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Understanding and Selecting RASP 2019: Integration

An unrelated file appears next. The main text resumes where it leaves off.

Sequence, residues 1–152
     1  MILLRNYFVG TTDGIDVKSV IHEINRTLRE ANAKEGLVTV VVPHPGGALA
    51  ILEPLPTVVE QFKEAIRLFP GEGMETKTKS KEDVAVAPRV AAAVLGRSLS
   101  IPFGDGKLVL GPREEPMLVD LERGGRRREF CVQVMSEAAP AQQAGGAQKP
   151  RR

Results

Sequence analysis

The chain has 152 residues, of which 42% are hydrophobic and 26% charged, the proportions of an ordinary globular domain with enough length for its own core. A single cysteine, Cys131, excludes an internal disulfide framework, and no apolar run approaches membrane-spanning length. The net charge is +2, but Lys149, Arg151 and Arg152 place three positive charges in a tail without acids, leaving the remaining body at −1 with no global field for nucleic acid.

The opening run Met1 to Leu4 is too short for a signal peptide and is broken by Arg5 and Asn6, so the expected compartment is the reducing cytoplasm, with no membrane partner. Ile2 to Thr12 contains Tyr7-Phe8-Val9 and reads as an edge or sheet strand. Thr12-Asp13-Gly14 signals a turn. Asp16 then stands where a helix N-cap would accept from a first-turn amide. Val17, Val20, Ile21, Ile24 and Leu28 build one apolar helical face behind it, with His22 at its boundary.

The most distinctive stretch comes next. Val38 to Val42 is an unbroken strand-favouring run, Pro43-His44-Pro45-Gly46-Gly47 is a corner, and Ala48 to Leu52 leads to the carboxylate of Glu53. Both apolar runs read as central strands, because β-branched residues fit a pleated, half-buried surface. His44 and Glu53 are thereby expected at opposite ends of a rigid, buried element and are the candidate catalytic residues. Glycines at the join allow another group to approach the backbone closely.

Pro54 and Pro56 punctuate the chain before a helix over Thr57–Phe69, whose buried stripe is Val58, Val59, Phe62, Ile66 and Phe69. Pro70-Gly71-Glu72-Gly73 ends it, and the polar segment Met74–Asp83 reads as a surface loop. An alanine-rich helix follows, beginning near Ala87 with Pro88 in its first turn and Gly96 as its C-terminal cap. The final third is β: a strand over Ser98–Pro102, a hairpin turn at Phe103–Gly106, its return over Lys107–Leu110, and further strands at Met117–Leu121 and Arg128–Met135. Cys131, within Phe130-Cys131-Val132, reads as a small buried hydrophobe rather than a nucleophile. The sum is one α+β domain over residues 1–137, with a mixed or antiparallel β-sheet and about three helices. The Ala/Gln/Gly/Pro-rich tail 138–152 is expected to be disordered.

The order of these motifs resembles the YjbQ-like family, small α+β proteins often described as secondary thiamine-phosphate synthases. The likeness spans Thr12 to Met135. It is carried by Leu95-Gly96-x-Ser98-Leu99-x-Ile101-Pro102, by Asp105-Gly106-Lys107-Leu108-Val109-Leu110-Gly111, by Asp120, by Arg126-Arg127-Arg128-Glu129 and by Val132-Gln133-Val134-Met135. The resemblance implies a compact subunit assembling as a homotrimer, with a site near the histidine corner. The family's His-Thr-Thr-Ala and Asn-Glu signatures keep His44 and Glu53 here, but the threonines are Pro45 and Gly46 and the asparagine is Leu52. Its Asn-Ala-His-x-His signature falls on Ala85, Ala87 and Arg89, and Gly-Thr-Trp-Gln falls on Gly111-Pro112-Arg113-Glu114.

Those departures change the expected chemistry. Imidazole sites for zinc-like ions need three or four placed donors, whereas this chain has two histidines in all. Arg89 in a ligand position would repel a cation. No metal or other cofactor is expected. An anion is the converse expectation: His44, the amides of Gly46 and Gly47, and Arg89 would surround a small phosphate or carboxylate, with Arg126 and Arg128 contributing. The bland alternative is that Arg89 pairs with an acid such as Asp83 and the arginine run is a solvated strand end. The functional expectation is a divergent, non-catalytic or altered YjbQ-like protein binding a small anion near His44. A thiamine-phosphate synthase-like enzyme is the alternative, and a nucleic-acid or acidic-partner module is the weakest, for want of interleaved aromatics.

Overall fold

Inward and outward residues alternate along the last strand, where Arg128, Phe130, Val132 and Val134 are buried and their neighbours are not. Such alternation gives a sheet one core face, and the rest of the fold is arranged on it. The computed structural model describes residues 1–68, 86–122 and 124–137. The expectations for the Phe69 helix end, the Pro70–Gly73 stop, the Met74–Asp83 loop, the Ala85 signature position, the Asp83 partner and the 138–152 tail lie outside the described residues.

*Editor’s note** We have been having VPN interruptions, so I apologize for the uneven cadence of delivery on these posts. We are working on the issue. In this section we will outline how RASP fits into the technology stack, in both production deployment and application build processes. We will show what that looks like and why it’s important to fit into these steps for newer application security technologies. We will close with a discussion of how RASP differs from other security technologies, and discuss advantages and tradeoffs of differing approaches. As we mentioned in the introduction, our research into DevOps unearthed many questions on RASP. The questions came from non-traditional buyers of security products: application developers and product managers. Their teams, by and large, were running Agile development processes. They wanted to know whether RASP could effectively block attacks and fit within their existing processes. I analyzed hundreds of customer call notes over the last couple years, and following are the top 7 RASP questions customers asked – roughly in order of how often often they came up. We presently use static analysis in our build process, but we are looking for solutions that scan code more quickly, and we would like a ‘preventative’ option. Can RASP help? Development releases code twice daily, which is a little scary, because we only scan with static analysis once a week (or month). Is RASP suitable for providing protection between scans? We would like a solution that provides some 0-day protection at runtime, and sees application calls. Development is moving to a microservices architecture, but WAF only provides visibility at the edge. Can we embed monitoring and blocking into microservices? We have many applications with technical debt in security, our in-house and third-party code is not fully scanned, and we need CSS/XSRF/Injection protection. Should we look at WAF or RASP? We are looking at a “defense in depth” approach to application security, and want to know if we can run WAF alongside RASP. We want to “shift left”: move security as early as possible, and also embed security into the application development process. Can RASP help? These questions clearly illustrate how changes in application deployment, increasing speed of application development, and declining applicability of WAF are driving interest in RASP. Those changes are key to RASP’s increasing relevance. Build Integration The majority of firms we spoke with are leveraging automation to provide Continuous Integration – essentially automated building and testing of applications as new code is checked in. Some are farther down the DevOps path, and have reached Continuous Deployment (CD). To address this development-centric perspective, the diagram below illustrates a modern Continuous Deployment / DevOps application build environment. Each arrow could be a script automating some portion of source code control, building, packaging, testing, or deployment. This is the build pipeline. Each time application code is checked in, or a change is made in a configuration management tool (e.g. Chef, Puppet, Ansible, or Salt) the build server (e.g. Jenkins, Bamboo, MSBuild, CircleCI) grabs the most recent bundle of code with templates and configuration, and builds the product. This may result in creation of a machine image, a container, or an executable. If the build succeeds a test environment is automatically started up, and a battery of functional, regression, and security tests begin. If the new code passes these tests it is passed along to QA or put into pre-production to await final approval and rollout to production. This degree of automation in modern build and QA processes is what’s making development teams faster and more agile. Some firms release code into production ten times a day. The speed of Development automation is forcing Security to look for ways to keep pace. Such tools must be automated, and embed into the Development pipeline. Production Integration The build pipeline gives us a mechanical view of development, but a process-centric view offers a different perspective on where security technologies can fit. The following diagram shows different logical phases in the process of code development, each staffed by people performing a different role (e.g. architects, developers, build managers, QA, release management, IT, and IT Security). The diagram’s step-by-step nature may imply waterfall development, but do not be misled – these phases apply to any development process, including spiral, waterfall, and agile. This graphic illustrates the major phases which teams go through. The callouts map common types of security tests at specific phases within Waterfall, Agile, CI, and DevOps frameworks. Keep in mind that we are still in early days for automated deployment and DevOps. Many security tools were built before rapid and automated deployment existed or were well known. Older products are typically too slow, some cannot focus tests on new code, and others lack API support. So orchestration of security tools – ,basically what works where – is still maturing. The time each type of test takes to run, and the type of result it returns, drives where it fits into the phases above. RASP is designed to be bundled into applications so it is part of the application delivery process. RASP components can be included as part of an application – typically installed and configured under a configuration management script, so RASP starts up as part of the application stack. RASP offers two distinct approaches for tackling application security. The first is in the pre-release / pre-deployment phase, while the second is in production. In pre-release it is used to instrument an application to detect penetration tests, red team tests, and other synthetic attacks launched during testing. Pre-deployment integrations perform monitoring and blocking. Either way, RASP deployment looks very similar. Pre-release testing: This is exactly what it sounds like: RASP is used when the application is fully constructed and going through final tests prior to launch. Here RASP can be deployed in several ways. It can be deployed to monitor only, using application tests and instrumenting runtime behavior to learn how to protect the application. Alternatively RASP can monitor security tests attempting to break